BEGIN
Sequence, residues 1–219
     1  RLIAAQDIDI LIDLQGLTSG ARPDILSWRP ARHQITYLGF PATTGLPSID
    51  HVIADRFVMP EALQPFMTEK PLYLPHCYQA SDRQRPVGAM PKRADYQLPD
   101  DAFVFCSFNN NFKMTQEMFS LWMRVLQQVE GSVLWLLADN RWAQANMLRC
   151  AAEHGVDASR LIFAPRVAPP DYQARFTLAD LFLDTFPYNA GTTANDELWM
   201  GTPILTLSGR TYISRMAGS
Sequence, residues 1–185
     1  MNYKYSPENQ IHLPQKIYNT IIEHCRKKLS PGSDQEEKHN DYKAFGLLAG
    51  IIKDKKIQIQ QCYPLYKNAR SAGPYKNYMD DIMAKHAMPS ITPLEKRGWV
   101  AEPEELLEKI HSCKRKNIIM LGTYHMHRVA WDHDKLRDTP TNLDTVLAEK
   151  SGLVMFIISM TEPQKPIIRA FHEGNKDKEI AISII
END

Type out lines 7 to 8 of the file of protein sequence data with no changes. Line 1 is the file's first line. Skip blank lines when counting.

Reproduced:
Sequence, residues 1–185
     1  MNYKYSPENQ IHLPQKIYNT IIEHCRKKLS PGSDQEEKHN DYKAFGLLAG